Against the order of the Adjudicating Authority the appellant filed an appeal before the National Company Law Appellate Tribunal (‘Appellate Tribunal’ for short).    The Appellate Tribunal dismissed the appeal filed by the appeal upholding the order of the Adjudicating Authority.  However it directed the workers to file application individually since they would come under the definition of operational creditor.

Against the order of the Appellate Authority the appellant filed the present appeal before the Supreme Court.  The appellant took the court through the various provisions of the Code and relied on a Bombay High Court Judgment in ‘Sanjay Sadanand Varrier v. Power House India Private Limited’ – 2017 (3) TMI 1190 - BOMBAY HIGH COURT.  The appellant contended that the provisions of the Code would lead to the conclusion that the trade union would come under the definition of ‘operational creditor’ under the Code.

The respondent corporate debtor contended the following before the Supreme Court-

  • No services are rendered by a trade union to the corporate debtor to claim any dues.
  • As such the trade union would not come under the definition of ‘operational creditor’.
  • Each claim of each workman is a separate cause of action in law, and therefore, separate claim would arise for which separate dates are there for each default.
  • A collective application under the rubric of a registered trade union would not be maintainable.

The Supreme Court analyzed the provisions of the Trade Unions Act, 1926 in respect of trade union registration, duties and spending of the general funds and also analyzed the provisions for ‘operational creditor’ under the Code.

The Supreme Court observed, on the bare perusal of the Trade Unions Act, 1926, that-

  • the trade union is certainly an entity established under the Trade Unions Act, 1926 and therefore would fall under the definition of the term ‘person’ under section 3(23) of the Code;
  • Rule 6, Form 5 of the Insolvency and Bankruptcy (Application to Adjudicating Authority) Rules, 2016 also recognizes that the claims may be made not only in individual capacity but also conjointly;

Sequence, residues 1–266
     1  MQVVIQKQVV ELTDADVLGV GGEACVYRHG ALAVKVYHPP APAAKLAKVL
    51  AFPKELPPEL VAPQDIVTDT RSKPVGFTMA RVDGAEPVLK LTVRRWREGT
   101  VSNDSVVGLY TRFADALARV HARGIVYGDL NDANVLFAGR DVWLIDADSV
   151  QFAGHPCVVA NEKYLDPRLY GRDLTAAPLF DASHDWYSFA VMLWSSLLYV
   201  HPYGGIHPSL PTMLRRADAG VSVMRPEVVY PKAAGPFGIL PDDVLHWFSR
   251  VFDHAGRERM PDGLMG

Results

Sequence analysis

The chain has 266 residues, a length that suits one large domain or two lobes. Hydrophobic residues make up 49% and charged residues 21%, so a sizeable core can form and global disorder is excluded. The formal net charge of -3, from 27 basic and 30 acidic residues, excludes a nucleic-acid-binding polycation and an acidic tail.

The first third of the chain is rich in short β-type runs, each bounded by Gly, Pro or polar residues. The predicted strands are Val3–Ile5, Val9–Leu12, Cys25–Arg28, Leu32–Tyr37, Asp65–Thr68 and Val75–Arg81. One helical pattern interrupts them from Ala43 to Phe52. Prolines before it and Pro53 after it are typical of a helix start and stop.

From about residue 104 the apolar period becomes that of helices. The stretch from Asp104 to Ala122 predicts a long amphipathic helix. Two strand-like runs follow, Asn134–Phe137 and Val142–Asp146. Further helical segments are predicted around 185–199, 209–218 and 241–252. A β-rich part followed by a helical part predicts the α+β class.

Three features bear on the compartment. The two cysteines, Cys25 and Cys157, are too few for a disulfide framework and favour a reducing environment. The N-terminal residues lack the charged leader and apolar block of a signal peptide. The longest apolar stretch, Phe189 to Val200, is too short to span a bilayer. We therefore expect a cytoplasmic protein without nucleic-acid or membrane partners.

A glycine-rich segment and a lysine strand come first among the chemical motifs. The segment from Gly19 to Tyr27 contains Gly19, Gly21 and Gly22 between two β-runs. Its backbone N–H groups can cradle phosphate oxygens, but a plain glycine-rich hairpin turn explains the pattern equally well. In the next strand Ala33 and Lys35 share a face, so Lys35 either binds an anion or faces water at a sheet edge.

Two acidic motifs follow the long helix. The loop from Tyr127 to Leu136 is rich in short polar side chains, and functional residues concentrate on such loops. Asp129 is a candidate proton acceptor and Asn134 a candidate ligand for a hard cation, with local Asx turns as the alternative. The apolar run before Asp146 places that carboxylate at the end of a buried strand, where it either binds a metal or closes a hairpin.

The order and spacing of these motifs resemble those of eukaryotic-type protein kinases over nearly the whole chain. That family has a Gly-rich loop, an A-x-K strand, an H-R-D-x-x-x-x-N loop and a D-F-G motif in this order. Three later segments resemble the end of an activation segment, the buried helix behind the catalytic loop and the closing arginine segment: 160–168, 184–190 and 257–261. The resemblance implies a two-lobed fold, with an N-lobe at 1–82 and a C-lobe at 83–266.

• Section 8 of the Trade Unions Act, 1926 specifies clearly that the trade union can sue and be sued as a body corporate under section 13 of that Act;
  • the general fund of the trade union is generally collected from the members workers and that fund can be spent in the legal proceedings by virtue of industrial disputes etc.,

The Supreme Court also went through the judgment relied on by the appellant.  In this case it was held that if the workmen were not paid their wages/and or salary by the company, the workers will certainly be a creditor(s) under section 439(1)(b) of the Companies Act, 1956.  Section 15 of the Trade Unions Act, 1926 clearly mandates the trade union to take up this cause for and on behalf of its members.   Hence after complying with the provisions of section 434 of the Companies Act, 1956, the trade union would certainly be competent to present a winding up petition.  The Supreme Court observed that this judgment equally applied to the present case under the Code.

Further the Supreme Court observed that instead of one consolidated petition by a trade union representing a number of workers, filing individual petitions would be burdensome as each workman thereafter has to pay various costs under CIRP.   Looked at from any angle, there is no doubt that a registered union which is formed for the purpose of regulating the relations between the workmen and the employer can maintain a petition as an operational creditor on behalf of its members.    The Supreme Court allowed the appeal and set aside the order of the Appellate Tribunal.  The Supreme Court remanded the matter to the Appellate Tribunal to decide the appeal on merits.


By: Mr.M. GOVINDARAJAN - May 8, 2019